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Heather Oliver is a Technical Writer for Constellix and DNS Made Easy, subsidiaries of Tiggee LLC. She’s fascinated by technology and loves adding a little spark to complex topics. Want to connect? Find her on LinkedIn.
Much of our daily lives now involve the internet. And all of this web activity often necessitates adding personal or sensitive details to online accounts. Unfortunately, this information is appealing to hackers who typically target businesses in an attempt to steal their customers’ data. While creating strong and unique passwords is good, it’s not always enough to keep information safe.
There are multiple ways that businesses can protect themselves and their customers from data breaches. Instead of relying on single authentication methods that utilize only username and password, an extra layer of security can be added using Two-Factor or Multi-Factor Authentication.
Two-Factor Authentication goes a step beyond single authentication by requiring another step to verify your identity. You still need to enter your username and password, but must also provide an additional identifier to complete the login process. Some examples of 2FA include:
While not completely invulnerable, it’s less likely an account can be breached when using 2FA. Even if someone had a username and password, they’d also need the other factor that is used to verify the account holder’s identity. The same would apply if a person lost their phone. However, if a lost phone isn’t locked and all passwords are saved, this could be a problem. Luckily, it’s harder to lose an eye or a finger...
Enabling 2FA is usually a straightforward process. It’s often as simple as enabling two-factor authentication for your account and choosing the preferred verification method. Depending on the website, you may need to download an authenticator app. Other applications may require a home or cell phone number that will be used to send a voice or text verification code.
Tip: Not all websites and platforms support 2FA or Multi-Factor Authentication. Be sure to verify that an organization supports all your security needs before signing up for a service.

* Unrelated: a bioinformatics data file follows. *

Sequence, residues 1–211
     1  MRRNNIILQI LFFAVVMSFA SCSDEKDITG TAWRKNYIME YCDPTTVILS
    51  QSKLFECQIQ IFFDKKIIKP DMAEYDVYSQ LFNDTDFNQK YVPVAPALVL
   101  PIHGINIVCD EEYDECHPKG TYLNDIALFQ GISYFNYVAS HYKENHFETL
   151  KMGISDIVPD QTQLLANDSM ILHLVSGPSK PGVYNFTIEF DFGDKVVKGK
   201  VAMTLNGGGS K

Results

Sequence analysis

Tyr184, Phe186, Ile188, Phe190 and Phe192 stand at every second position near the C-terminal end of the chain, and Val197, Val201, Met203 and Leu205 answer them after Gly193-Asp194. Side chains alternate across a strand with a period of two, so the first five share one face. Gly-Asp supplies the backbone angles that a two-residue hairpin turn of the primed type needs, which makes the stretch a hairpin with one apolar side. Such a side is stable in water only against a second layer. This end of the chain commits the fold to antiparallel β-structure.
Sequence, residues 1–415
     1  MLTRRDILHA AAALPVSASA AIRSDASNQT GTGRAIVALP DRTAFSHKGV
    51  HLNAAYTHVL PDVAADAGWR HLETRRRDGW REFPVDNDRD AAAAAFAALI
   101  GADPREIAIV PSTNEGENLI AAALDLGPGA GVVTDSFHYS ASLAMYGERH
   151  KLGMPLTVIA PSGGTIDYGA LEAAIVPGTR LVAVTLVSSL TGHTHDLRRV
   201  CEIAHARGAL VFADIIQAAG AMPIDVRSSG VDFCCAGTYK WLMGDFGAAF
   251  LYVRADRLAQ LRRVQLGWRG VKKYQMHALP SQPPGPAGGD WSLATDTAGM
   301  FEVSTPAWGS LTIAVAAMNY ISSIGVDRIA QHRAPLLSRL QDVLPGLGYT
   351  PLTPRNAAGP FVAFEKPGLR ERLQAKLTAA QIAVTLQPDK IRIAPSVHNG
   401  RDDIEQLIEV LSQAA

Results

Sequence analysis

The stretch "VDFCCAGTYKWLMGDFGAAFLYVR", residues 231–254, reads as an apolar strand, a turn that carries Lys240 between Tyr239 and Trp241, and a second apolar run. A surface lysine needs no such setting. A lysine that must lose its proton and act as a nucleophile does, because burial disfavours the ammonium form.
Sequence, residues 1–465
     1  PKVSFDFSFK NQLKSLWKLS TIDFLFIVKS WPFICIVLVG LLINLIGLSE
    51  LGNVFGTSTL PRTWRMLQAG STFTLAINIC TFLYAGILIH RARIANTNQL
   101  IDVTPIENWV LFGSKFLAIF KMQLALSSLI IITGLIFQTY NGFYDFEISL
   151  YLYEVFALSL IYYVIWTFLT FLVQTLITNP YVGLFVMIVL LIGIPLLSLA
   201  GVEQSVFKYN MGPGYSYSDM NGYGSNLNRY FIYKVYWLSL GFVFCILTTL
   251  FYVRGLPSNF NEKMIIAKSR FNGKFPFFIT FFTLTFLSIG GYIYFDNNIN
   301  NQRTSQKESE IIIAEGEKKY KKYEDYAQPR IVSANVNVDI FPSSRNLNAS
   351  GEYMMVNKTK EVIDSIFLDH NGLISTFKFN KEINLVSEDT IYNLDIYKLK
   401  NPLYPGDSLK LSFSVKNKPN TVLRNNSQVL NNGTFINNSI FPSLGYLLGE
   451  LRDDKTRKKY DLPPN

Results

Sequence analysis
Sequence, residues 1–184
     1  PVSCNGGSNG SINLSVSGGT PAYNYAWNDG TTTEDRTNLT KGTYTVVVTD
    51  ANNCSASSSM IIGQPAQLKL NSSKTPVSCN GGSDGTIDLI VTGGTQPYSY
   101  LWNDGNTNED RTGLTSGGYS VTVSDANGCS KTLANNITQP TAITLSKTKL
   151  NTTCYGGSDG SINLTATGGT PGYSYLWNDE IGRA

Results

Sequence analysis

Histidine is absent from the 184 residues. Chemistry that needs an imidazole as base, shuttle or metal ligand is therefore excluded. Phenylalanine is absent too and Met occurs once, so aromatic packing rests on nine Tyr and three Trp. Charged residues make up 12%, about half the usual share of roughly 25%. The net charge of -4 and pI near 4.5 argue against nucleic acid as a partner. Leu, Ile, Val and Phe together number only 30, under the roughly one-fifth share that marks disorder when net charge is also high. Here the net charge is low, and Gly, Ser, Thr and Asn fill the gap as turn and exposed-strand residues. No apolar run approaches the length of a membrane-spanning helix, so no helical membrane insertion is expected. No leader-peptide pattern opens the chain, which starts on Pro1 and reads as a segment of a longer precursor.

Similar to 2FA, Multi-Factor Authentication requires users to provide extra details on top of their username and passwords. MFA can just take it a step further. It can use all the same identifiers as 2FA but can include additional ones. For instance, MFA could include a username/password, a push authentication (text), and a PIN, or any combination of authenticators.
Did you know: The word “password” is still one of the most overused passwords in 2021? It’s in good company though. Among the top-used (and hacked) passwords are also “123456,” “12345678, and “11111.” If you’re using one of these, you might want to think about changing it.
Passwords are often hard to remember. On top of that, the average user manages a large number of online accounts. To simplify things, many people reuse the same password across multiple (or all) accounts. To make matters worse, passwords are notoriously weak and historically unsecure. To prevent data leaks in your organization, it’s growing increasingly necessary to implement 2FA or MFA. This goes for internal passwords for sensitive or mission-critical applications and customer-managed accounts. Data breaches don’t just affect users, they affect business reputation. As online activity continues to rise, so does the need for greater security.
If you found this useful, why not share it? If there’s a topic you’d like to know more about, reach out and let me know. I’d love to hear your thoughts!
If you liked this, you might find these helpful:
How Weak Passwords Could Put Your Organization At Risk
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